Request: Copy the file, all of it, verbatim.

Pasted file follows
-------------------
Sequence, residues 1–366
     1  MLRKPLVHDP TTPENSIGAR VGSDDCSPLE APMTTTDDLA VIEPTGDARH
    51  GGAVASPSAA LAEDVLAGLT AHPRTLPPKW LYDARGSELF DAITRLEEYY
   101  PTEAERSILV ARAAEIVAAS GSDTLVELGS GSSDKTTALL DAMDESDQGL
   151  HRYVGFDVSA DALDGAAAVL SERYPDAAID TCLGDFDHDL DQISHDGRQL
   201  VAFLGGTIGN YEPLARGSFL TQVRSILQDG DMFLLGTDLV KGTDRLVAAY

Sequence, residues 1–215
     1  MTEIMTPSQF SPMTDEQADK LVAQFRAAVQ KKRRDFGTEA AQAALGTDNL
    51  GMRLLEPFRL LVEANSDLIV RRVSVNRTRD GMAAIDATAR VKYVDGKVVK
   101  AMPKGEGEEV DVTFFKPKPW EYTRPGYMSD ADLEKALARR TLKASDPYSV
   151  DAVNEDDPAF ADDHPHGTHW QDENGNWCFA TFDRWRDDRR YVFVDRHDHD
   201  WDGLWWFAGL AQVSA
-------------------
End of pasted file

Sequence, residues 1–366
     1  MLRKPLVHDP TTPENSIGAR VGSDDCSPLE APMTTTDDLA VIEPTGDARH
    51  GGAVASPSAA LAEDVLAGLT AHPRTLPPKW LYDARGSELF DAITRLEEYY
   101  PTEAERSILV ARAAEIVAAS GSDTLVELGS GSSDKTTALL DAMDESDQGL
   151  HRYVGFDVSA DALDGAAAVL SERYPDAAID TCLGDFDHDL DQISHDGRQL
   201  VAFLGGTIGN YEPLARGSFL TQVRSILQDG DMFLLGTDLV KGTDRLVAAY

Sequence, residues 1–215
     1  MTEIMTPSQF SPMTDEQADK LVAQFRAAVQ KKRRDFGTEA AQAALGTDNL
    51  GMRLLEPFRL LVEANSDLIV RRVSVNRTRD GMAAIDATAR VKYVDGKVVK
   101  AMPKGEGEEV DVTFFKPKPW EYTRPGYMSD ADLEKALARR TLKASDPYSV
   151  DAVNEDDPAF ADDHPHGTHW QDENGNWCFA TFDRWRDDRR YVFVDRHDHD
   201  WDGLWWFAGL AQVSA